He is receiving chemo through his port tonight and tomorrow. He will be released sometime tomorrow afternoon(Friday) and continue on chemo via home health for the weekend followed by another round of home health chemo in a week for four more days. At that time, we will be at the end of phase 2 and entering into phase three. Initially, we were told CJ would have high doses of a chemo drug called Methotrexate during phase four. It was going to be such a strong dose that it would require a counter drug to salvage good cells and also require 3-4 night stays each time it would be administered. This would have been repeated four times over 50 days. Today the doctor explained to me that we will be placed on a new arm for this phase of CJ's treatment. I won't go into clinical trials and studies and the many arms of those studies at this time because it is an overwhelming amount of information. But I will say we are extremely grateful for those studies and all the children and families who were in them in order to determine what treatment would be best for future patients. When a child is part of a clinical trial, that child does not necessarily benefit from the study being done but the children who come along in the future surely do. CJ's treatment would definitely fall into that category as one who is benefiting from those who have gone before us in these treatments. We are extremely thankful for that!
What does this have to do with CJ? Well, we were told today that studies show that the high dose Methotrexate children did not fare any better than the gradually increased dosed children. All Leukemia kids have already been switched over to this new protocol for this phase of their treatment. CJ"s doctor recommended that although CJ is Lymphoma he should be too. What difference does this all make? Well, thanks to this change in protocol we will no longer be in a phase that requires the high dose and therefore will not require the countering medicine or the 3-4 night stays at the hospital to administer it. He will now receive it outpatient once every ten days for 50 days and be able to go home that same day and recover at home in between doses. His dose will gradually increase as his counts and health allows. This is extremely good news for our family as it reduces the amount of time spent in the hospital and that we are all separated.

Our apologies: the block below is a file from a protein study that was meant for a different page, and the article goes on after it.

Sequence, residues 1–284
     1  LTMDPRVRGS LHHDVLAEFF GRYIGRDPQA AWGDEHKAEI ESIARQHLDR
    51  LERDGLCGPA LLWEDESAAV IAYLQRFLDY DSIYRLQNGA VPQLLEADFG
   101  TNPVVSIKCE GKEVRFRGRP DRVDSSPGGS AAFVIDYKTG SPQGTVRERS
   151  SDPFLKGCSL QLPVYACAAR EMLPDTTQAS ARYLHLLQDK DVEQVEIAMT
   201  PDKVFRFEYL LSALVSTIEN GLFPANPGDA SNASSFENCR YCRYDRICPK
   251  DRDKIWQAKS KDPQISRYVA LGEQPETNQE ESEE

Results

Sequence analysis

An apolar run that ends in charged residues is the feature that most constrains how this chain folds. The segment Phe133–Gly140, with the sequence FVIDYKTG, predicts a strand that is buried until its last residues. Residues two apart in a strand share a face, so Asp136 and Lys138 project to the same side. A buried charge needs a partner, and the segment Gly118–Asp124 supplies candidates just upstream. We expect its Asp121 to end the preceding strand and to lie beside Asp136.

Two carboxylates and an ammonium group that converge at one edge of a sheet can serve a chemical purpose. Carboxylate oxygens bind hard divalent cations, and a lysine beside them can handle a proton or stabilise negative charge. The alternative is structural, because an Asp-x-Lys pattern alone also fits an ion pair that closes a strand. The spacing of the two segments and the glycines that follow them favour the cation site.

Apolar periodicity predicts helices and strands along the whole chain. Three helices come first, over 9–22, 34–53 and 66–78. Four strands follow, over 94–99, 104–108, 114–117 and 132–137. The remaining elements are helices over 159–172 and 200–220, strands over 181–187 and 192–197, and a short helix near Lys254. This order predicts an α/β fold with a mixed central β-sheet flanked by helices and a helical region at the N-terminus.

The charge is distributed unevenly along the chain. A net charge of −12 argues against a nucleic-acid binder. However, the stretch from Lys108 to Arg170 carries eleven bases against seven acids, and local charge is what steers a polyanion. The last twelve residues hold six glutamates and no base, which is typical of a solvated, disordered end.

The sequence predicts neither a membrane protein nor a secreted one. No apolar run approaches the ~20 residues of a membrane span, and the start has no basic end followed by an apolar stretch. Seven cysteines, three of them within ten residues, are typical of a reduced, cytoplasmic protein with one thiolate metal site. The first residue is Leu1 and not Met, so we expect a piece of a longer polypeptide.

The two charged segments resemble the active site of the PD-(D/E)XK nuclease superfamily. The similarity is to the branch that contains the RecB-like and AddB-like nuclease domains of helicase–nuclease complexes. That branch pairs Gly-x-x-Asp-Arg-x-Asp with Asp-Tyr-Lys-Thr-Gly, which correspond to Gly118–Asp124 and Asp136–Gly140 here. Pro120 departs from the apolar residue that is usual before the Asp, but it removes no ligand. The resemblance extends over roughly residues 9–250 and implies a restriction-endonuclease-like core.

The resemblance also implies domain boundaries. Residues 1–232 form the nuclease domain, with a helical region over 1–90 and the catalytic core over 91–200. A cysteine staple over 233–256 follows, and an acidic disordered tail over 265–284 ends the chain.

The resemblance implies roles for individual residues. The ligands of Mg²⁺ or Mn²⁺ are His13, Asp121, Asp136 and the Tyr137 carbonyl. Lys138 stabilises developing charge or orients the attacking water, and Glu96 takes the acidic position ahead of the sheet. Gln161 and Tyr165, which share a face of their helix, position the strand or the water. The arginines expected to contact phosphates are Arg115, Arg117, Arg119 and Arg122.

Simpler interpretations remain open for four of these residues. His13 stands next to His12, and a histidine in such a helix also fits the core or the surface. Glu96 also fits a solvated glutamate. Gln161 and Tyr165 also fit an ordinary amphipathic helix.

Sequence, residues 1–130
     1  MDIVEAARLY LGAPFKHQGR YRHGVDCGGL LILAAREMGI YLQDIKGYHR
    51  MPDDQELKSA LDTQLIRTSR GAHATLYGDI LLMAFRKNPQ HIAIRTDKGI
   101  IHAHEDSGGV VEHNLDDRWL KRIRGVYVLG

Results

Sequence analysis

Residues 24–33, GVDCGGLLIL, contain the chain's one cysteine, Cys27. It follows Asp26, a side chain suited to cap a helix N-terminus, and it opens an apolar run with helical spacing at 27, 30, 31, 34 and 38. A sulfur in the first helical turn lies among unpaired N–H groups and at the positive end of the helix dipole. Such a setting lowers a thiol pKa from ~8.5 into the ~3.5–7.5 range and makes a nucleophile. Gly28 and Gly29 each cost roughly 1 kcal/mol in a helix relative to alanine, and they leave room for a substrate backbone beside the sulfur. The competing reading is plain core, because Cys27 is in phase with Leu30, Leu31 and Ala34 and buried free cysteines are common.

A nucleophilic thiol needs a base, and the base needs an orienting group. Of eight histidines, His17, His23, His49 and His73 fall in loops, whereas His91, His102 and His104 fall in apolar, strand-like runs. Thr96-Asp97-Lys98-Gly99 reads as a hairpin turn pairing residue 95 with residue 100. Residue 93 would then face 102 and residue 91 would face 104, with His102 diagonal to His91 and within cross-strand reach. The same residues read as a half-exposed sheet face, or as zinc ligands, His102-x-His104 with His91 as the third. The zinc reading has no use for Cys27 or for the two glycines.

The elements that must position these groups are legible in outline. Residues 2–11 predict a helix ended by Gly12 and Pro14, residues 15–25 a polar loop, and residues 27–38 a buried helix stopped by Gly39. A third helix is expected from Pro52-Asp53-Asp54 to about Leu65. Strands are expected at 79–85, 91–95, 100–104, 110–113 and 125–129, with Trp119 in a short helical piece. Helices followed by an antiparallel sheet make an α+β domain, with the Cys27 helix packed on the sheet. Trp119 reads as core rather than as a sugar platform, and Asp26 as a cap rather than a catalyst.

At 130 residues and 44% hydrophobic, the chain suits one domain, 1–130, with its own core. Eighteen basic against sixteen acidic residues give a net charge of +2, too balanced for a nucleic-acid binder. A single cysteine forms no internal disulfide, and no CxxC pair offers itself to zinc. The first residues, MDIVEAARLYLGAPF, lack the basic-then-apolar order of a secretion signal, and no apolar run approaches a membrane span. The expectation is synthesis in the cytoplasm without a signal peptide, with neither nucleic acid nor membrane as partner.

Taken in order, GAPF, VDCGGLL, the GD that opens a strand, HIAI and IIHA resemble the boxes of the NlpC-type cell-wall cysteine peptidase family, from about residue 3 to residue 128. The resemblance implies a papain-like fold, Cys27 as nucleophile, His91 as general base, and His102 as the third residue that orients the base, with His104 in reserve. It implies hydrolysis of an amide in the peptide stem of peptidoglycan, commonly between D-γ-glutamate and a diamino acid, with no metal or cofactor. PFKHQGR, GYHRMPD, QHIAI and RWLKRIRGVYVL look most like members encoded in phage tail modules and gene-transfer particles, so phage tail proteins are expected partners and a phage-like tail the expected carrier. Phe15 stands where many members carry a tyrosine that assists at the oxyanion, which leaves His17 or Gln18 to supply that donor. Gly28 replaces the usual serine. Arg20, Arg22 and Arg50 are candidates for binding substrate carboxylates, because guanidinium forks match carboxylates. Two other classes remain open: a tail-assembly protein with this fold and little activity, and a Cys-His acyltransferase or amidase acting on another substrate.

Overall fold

Unfortunately, even after the week of rest to allow CJ's blood counts to come back up, his hemoglobins were still borderline. They will check them tomorrow morning and if they have not come up he may need a transfusion before he is released. We are praying for adequate counts and yet thankful for the means of replenishment available to him through transfusion if necessary. We are praying for sustained counts and yet prepared hearts for whatever is best for CJs long term health. We are also asking for prayer for CJ's quick recovery to a head cold he has come down with. We are asking that it not interfere with his treatment and that his body be able to recover quickly from the cold without complications.
Thank you for your continued support of our family and most importantly your prayers for CJ. We are so thankful this blog allows us to involve you in his treatment as many of you have told us you feel like you are able to go through this with our family because of the blog. We are extremely thankful for this avenue of communication but most importantly that it allows us to immediately get our specific prayer requests out to all of you who are battling through this with us in prayer!
FURTHER UPDATE: CJ is just finishing up his blood transfusion and already feeling more refreshed. He received it well with no complications or reactions. We are grateful for this means of replenishment and for whoever the donor is that provided this blood. We are looking forward to going home within a few hours.
Posted by Break the Mold at 5:13 PM